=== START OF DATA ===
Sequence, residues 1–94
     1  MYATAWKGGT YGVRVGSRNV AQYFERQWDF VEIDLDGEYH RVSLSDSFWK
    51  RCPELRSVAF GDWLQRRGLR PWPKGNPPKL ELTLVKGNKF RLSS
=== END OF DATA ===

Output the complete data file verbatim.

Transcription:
Sequence, residues 1–94
     1  MYATAWKGGT YGVRVGSRNV AQYFERQWDF VEIDLDGEYH RVSLSDSFWK
    51  RCPELRSVAF GDWLQRRGLR PWPKGNPPKL ELTLVKGNKF RLSS